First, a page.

Ok, then we get to Frederick Fairlie, who says things that make me laugh out loud like, "I find it's best to give in to Marian - it saves noise," and (my personal favorite), "What have I to do with bosoms?" What indeed, Mr. Fairlie. How's Louis, your occasional book stand and the most accommodating of servants? Hmmm?

And then the narrative is taken up by Mrs. Mickleson, the housekeeper at Blackwater Park and a fascinating sketch of a woman. Collins takes his opportunity to turn the traditional prejudice of the upper class toward the lower on its head as well as to illustrate the deep xenophobia that characterizes a lot of Victorian fiction: Mrs. Mickleson is completely taken in by Count Fosco, is worshipful of his status as a nobleman, and attributes all of his potential faults to being "foreign." She even gently berates Laura, reminding her that foreigners mostly grow up in "popery," and that she (Laura) shouldn't think the worse of him for it. It must be Laura's upbringing as a Proper English Lady that keeps her from telling Mrs. Mickleson to STFU - that or her insufferable lack of spine. It's probably the latter.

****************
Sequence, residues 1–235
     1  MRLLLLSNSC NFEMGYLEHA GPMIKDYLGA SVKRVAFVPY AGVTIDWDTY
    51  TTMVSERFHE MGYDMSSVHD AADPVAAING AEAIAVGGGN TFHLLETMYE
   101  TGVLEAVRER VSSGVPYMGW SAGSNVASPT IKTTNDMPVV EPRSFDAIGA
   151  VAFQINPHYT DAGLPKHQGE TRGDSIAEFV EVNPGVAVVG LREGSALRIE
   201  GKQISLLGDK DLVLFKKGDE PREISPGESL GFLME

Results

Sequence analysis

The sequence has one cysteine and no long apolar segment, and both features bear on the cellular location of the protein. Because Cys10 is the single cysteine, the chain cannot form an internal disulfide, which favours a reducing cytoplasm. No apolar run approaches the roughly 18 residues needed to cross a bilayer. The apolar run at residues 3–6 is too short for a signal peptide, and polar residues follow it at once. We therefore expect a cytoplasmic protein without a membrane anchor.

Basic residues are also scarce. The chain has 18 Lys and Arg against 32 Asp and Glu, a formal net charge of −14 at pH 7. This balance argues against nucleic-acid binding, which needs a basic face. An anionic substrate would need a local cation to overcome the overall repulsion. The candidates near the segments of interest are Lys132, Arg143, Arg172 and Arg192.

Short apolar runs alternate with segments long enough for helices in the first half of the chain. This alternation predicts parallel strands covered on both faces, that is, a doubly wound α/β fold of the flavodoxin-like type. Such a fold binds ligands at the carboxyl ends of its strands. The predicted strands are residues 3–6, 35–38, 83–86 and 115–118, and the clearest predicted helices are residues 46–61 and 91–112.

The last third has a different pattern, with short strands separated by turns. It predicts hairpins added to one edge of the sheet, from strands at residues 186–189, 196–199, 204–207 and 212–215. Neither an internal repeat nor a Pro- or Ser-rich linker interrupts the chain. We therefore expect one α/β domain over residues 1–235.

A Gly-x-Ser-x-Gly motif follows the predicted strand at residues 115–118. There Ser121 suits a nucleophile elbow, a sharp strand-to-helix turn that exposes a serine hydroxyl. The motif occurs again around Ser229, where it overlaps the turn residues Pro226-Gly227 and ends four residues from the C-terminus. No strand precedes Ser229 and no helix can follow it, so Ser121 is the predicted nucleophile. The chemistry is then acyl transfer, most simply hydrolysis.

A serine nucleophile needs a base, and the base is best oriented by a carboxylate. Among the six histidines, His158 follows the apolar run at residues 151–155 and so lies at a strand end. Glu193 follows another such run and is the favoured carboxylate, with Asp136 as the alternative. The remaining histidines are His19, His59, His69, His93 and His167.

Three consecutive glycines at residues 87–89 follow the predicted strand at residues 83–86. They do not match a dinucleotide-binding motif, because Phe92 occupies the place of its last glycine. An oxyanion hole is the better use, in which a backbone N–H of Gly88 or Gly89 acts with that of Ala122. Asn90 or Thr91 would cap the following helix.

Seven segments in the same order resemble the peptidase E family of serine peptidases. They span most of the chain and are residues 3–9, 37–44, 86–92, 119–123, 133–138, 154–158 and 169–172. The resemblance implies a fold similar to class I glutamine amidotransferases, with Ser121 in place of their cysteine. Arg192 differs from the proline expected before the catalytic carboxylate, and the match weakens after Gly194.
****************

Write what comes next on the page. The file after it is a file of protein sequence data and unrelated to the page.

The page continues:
Next, we turn back to Walter Hartright, who talks... and talks... and talks. It's sad to me that Marian doesn't get to tell her own kickass part of this story. She adds Jail-Breaker to her already impressive title of Sherlockian Ninja without even betting an eyelash, she suggests everything that Walter then does, and she takes on the chores of their new establishment like a champion while Laura sits and recuperates from being in an asylum for three weeks. Seriously, I begin to think that Wilke actually was the closet feminist that we all claim him as; all the female characters in this book are stone-cold clever except for Limp Laura, and all the men are rather useless unless they are traipsing about Central America learning how to evade capture by darting around a corner, with the obvious exception of Fosco, Evil Genius, of course.